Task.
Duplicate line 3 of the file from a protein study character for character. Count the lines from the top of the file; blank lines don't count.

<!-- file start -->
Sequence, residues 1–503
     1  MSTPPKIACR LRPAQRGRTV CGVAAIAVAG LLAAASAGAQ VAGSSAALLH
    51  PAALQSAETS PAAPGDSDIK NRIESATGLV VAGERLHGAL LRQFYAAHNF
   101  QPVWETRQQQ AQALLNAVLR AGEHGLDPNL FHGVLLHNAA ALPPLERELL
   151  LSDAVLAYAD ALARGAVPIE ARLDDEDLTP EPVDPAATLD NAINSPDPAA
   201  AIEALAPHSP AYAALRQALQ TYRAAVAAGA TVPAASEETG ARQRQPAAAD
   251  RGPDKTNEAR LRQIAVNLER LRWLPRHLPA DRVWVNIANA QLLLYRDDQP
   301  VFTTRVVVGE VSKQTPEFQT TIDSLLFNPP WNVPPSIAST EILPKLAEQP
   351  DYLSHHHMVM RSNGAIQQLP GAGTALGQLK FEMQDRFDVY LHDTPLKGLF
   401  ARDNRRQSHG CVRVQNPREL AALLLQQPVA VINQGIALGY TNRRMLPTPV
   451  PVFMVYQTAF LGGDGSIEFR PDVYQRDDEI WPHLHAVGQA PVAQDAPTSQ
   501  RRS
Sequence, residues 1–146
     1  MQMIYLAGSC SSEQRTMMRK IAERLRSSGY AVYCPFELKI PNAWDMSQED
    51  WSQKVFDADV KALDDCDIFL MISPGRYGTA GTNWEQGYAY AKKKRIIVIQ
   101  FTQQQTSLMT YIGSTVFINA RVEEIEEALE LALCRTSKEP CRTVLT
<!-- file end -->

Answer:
    51  PAALQSAETS PAAPGDSDIK NRIESATGLV VAGERLHGAL LRQFYAAHNF